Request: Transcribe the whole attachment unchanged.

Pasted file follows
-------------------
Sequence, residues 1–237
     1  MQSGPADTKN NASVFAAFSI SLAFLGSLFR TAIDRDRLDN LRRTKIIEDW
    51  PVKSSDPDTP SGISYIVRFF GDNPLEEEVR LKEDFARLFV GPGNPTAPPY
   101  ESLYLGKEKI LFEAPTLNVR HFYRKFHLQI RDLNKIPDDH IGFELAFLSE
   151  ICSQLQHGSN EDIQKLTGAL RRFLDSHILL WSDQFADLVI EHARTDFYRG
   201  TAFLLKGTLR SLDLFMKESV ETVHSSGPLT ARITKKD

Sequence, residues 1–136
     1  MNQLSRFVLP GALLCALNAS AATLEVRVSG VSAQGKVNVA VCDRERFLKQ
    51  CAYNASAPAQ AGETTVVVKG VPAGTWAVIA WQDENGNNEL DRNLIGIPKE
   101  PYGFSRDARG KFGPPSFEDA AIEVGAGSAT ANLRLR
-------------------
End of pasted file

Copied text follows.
Sequence, residues 1–237
     1  MQSGPADTKN NASVFAAFSI SLAFLGSLFR TAIDRDRLDN LRRTKIIEDW
    51  PVKSSDPDTP SGISYIVRFF GDNPLEEEVR LKEDFARLFV GPGNPTAPPY
   101  ESLYLGKEKI LFEAPTLNVR HFYRKFHLQI RDLNKIPDDH IGFELAFLSE
   151  ICSQLQHGSN EDIQKLTGAL RRFLDSHILL WSDQFADLVI EHARTDFYRG
   201  TAFLLKGTLR SLDLFMKESV ETVHSSGPLT ARITKKD

Sequence, residues 1–136
     1  MNQLSRFVLP GALLCALNAS AATLEVRVSG VSAQGKVNVA VCDRERFLKQ
    51  CAYNASAPAQ AGETTVVVKG VPAGTWAVIA WQDENGNNEL DRNLIGIPKE
   101  PYGFSRDARG KFGPPSFEDA AIEVGAGSAT ANLRLR